Ray Dillinger <b...@sonic.net> writes:
> I cannot derive a realistic threat model from the very general
> statements in the slides. 

(BTW, you mean threat, not threat *model*, in this instance.)

As just one obvious example of a realistic threat, consider that there
are CAs that will happily sell you certificates that use SHA-1.

Various clever forgery attacks have been used against certs that use
MD5, see:


Those attacks can now be extended to SHA-1 pretty easily. It might
require a bit of compute infrastructure -- say a lot of FPGAs and a
bunch of cleverness -- to turn out certs quickly, but it can be
done. Given that there are lots of high value certs out there of this
form, this is rather dangerous.

For example, Verisign has lots of cert infrastructure right now that
uses SHA-1. Imagine if I now use the above described attack and start
forging certs that look to all the world like they're from Verisign and
claim that I'm a major bank, or to forge a CA that then forges certs
that claim I'm a major bank. "Ooops!"

> In the case of, for example, the Debian organization, which uses SHA-1 
> keys to check in code so that it's always clear with a distributed 
> network of developers who made what changes, What threats must they 
> now guard against and what corrective measures ought they take?

One can easily imagine a forgery attack right now where someone
presented you with one piece of code which you sign and then made use of
a different piece of code with the exact same SHA-1 which you didn't
intend to sign. I don't know if Debian's specific processes are
vulnerable or not to various clever attacks -- it would require a lot of
thinking even if I was familiar enough with them, and I'm not.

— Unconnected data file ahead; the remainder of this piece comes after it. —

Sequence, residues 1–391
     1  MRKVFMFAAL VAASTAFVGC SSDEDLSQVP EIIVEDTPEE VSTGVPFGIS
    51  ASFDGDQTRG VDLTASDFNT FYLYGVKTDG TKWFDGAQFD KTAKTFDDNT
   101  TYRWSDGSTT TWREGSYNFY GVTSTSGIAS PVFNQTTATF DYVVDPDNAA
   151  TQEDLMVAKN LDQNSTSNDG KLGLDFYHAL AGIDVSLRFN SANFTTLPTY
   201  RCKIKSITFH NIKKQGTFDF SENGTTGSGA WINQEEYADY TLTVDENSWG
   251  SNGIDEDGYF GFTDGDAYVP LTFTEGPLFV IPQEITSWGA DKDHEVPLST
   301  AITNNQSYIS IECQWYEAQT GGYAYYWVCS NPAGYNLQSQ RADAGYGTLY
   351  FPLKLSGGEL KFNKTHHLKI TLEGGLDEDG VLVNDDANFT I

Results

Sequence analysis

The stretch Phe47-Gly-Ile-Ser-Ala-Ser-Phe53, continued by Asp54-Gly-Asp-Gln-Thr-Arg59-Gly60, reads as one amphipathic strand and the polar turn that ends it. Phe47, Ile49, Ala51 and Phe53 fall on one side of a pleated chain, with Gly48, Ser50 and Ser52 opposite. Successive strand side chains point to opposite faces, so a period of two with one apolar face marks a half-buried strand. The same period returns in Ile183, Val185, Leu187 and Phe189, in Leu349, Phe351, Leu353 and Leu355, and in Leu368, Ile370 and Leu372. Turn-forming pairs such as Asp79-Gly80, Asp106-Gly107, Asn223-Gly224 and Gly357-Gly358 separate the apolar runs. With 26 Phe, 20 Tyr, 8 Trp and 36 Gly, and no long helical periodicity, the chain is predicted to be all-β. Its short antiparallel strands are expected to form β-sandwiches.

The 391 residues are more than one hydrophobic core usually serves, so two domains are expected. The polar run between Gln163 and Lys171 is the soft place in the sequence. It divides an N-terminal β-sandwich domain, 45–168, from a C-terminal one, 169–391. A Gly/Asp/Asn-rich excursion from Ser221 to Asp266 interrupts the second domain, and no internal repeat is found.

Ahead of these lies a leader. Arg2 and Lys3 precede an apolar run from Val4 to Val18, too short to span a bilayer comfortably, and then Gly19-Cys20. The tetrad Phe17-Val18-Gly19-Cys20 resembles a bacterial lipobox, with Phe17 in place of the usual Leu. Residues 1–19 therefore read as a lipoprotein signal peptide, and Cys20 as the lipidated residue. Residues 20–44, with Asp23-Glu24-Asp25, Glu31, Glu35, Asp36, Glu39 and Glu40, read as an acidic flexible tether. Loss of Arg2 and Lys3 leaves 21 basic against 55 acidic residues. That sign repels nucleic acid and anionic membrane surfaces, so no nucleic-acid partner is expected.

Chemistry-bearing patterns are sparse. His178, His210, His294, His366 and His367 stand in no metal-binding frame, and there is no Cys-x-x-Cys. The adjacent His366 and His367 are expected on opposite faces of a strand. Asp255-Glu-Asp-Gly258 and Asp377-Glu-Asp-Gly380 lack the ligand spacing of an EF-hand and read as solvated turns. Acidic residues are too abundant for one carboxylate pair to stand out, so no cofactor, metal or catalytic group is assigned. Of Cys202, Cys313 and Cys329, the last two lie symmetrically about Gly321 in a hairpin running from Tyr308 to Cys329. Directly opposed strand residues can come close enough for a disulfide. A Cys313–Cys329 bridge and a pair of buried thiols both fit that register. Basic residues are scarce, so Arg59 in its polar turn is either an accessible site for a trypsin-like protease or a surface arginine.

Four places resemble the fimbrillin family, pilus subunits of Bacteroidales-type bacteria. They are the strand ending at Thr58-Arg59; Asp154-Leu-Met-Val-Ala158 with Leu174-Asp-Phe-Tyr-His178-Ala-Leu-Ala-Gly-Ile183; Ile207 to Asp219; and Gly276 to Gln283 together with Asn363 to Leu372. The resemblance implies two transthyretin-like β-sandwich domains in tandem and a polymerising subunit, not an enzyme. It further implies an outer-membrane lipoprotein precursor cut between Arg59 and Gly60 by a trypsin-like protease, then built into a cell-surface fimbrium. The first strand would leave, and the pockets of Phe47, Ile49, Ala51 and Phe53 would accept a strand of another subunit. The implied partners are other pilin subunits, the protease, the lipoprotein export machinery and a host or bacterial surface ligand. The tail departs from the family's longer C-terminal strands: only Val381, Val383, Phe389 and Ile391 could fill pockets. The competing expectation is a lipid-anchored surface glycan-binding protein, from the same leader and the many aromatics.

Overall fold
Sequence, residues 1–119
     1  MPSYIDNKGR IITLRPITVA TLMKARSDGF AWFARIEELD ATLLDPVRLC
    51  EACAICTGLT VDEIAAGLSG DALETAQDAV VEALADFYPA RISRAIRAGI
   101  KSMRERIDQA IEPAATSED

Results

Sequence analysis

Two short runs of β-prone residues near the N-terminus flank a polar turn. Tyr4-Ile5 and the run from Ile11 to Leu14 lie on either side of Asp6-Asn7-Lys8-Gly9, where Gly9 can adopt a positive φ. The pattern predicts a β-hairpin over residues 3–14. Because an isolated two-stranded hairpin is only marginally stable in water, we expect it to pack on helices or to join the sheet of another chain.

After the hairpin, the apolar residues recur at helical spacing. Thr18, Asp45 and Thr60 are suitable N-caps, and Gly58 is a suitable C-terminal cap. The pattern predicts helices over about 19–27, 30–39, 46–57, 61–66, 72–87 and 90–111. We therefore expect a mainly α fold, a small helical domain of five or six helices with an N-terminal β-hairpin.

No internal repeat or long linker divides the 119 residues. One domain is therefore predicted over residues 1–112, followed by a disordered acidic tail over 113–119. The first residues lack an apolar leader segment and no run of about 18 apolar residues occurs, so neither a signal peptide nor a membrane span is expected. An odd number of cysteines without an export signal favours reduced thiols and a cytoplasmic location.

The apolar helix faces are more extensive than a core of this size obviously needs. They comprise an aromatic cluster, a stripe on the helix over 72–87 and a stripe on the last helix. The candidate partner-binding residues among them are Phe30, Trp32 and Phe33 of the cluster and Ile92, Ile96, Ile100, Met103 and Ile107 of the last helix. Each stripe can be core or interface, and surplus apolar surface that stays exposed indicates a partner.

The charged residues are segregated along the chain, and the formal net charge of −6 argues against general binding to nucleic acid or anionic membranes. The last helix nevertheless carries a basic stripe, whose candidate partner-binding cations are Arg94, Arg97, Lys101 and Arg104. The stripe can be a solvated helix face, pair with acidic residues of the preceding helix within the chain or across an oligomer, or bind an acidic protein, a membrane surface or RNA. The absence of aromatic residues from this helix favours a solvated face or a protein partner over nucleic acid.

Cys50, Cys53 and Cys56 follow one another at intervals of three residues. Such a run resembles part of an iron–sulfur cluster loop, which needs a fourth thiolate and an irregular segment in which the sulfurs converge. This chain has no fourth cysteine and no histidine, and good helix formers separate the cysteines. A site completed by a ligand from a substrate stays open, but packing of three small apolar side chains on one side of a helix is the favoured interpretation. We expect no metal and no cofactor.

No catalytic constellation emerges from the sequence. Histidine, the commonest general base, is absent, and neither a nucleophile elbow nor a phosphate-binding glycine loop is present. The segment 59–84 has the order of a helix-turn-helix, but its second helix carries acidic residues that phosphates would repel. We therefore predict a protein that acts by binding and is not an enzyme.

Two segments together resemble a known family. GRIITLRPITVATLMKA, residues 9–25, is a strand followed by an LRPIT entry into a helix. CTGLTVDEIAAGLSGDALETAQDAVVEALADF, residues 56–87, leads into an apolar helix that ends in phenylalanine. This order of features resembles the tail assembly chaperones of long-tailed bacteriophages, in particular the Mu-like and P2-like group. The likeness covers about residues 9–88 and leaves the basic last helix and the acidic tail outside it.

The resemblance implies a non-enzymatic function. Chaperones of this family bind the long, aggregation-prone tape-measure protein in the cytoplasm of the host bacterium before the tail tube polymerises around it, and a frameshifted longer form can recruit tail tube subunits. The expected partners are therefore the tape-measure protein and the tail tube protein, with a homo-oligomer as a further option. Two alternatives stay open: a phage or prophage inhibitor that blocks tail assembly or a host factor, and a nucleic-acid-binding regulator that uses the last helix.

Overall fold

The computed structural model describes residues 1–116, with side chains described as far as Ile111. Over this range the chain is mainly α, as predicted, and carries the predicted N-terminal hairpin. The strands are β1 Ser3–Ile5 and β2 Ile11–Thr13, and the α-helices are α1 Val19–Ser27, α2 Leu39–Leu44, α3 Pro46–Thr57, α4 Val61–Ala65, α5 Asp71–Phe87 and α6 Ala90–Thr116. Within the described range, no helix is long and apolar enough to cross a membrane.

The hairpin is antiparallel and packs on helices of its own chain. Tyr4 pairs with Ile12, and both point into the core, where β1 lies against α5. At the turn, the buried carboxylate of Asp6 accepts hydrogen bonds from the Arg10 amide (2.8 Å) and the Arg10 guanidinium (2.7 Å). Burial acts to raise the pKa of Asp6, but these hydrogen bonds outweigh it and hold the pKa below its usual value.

So, use something other than SHA-1 -- SHA-256 at least. Don't panic,
don't flail around like a headless chicken, but do move away with all
deliberate speed.

> Can a third-party attacker now forge someone's signature and check in 
> code containing a backdoor under someone else's key?

Perhaps, if they're clever enough. The most obvious attacks require
preimage weaknesses, and those aren't known yet. However clever people
can find ways to get around this -- see the "Rogue CA" attack -- and
cause havoc.

> Is it the case that a constructed hash collision between A and B 
> can be done by a third party but would be highly unlikely to contain 
> any executable or sensible code at all?

See the "Rogue CA attack" -- by being clever enough, one can almost
certainly produce two executables with the same SHA-1 hash. They would
need some sort of area that varied, but that's not too hard -- ELF note
sections, data segments regions that contain some blob of data you don't
care about, etc., are all fine possibilities.

So, don't use SHA-1 if you can help it. This is not to say that all uses
are unsafe. There is also no need to panic. However, it is clearly not a
good idea to continue using it.

Perry E. Metzger                pe...@piermont.com

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